Years ago, Crape Myrtle trees could only be enjoyed by our neighbors in the south. They were not hardy enough to live through our cold winter months and instead thrived only in warmer climates like North Carolina. Luckily many of those southern varieties have been cross-bred with hardier types, making crape myrtles more accessible to areas of the Northeast. Long Islanders can now enjoy growing a variety of these hardy crape myrtle hybrids.
This beautiful tree offers lilac-like flowers in pink, red, purple and white from July to September. Depending on the variety, they can grow anywhere from 5’ all the way up to 25-30’ and make a great specimen plant in the yard or even a nice hedge. Easy to grow and maintain, crapes have become one of Long Island’s most popular tree in the past 5-10 years.
Crape Myrtle trees have another awesome feature which is often overlooked, their bark. When they are not in bloom or in the dead of winter, specimens will exhibit a variety of colors and patterns from green to brown to grey on multiple stems. Some even have a peeling bark look which is a real showstopper in the landscape. If you are looking for a tree with year round interest and long-lasting flowers, this tree is a must have.
Crape Myrtles are also easy to plant, grow and care for. When planting, be sure to mix your existing soil with plenty of rich compost to give it the nutrients it needs to flourish. Each year you can top dress the area with additional compost or use an organic tree fertilizer like the Dr. Earth tree and shrub blend to keep nutrients high from year to year. Make sure you keep the soil around the tree well-watered during the first year until the plant establishes itself.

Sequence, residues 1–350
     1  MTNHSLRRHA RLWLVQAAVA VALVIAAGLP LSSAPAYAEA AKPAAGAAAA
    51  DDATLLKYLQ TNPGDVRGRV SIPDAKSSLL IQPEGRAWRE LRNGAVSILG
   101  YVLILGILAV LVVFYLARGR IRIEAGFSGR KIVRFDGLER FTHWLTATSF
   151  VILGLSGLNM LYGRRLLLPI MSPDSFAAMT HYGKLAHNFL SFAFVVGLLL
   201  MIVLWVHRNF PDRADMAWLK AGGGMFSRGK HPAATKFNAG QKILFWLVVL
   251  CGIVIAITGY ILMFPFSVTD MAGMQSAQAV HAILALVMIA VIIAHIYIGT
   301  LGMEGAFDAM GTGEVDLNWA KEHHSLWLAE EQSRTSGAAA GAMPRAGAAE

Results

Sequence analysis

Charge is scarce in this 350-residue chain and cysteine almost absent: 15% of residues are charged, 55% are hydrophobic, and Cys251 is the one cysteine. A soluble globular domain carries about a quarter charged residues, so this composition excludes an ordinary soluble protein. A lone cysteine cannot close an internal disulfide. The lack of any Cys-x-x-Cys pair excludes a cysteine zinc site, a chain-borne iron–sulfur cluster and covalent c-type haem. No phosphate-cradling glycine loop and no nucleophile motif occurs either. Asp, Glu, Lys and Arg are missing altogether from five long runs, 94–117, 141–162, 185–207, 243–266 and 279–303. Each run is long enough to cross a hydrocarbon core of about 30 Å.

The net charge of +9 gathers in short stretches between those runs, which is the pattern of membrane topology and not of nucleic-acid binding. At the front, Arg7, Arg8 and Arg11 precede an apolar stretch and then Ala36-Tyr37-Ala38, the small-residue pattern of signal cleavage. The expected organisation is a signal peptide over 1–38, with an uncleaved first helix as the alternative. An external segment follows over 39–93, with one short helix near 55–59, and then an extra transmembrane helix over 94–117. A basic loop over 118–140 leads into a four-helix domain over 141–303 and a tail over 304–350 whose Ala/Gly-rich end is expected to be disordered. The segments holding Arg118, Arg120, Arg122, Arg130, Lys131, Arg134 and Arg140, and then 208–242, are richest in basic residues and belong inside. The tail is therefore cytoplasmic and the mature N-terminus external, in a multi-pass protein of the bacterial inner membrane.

Pruning is also a piece of cake. You have the option to just let the tree go which will produce rigid branching that will give a full, upright form or you can prune it back to the large leader stems. The later method will allow it to grow a few feet on each branch and the heavy blooms will weigh down the fresh, new growth to give you more of a weeping habit. Either way, it will make for a beautiful addition to any garden or landscape.
Easy to grow, tons of color, year round interest, almost zero maintenance and no serious pests or diseases make crape myrtle the hottest plant for summer!
Here are a few of favorites:
Tuscarora: Upright large shrub or small tree with showy dark pink flowers all summer. Peeling and colorful bark really adds to its appeal. Mature size: 20-25 ft. tall.
Dynamite: Large multi-stemmed plant with beautiful crimson buds that open and turn cherry red in the summer. New leaves emerge crimson then turn dark green. Vigorous grower to 15 ft. tall.
Muskogee: Panicles of light lavender-pink flowers appear amid glossy green foliage that turns red in the fall. The cinnamon-colored bark is smooth, peeling to a shiny light gray. Moderate grower to 15 ft. tall.
Coral Magic: A shrub form crape myrtle with lovely salmon-pink flowers. Outstanding reddish new growth turns a brilliant green. Moderate grower 6-10 ft. tall.
Try a crape myrtle in your garden – you won’t be disappointed!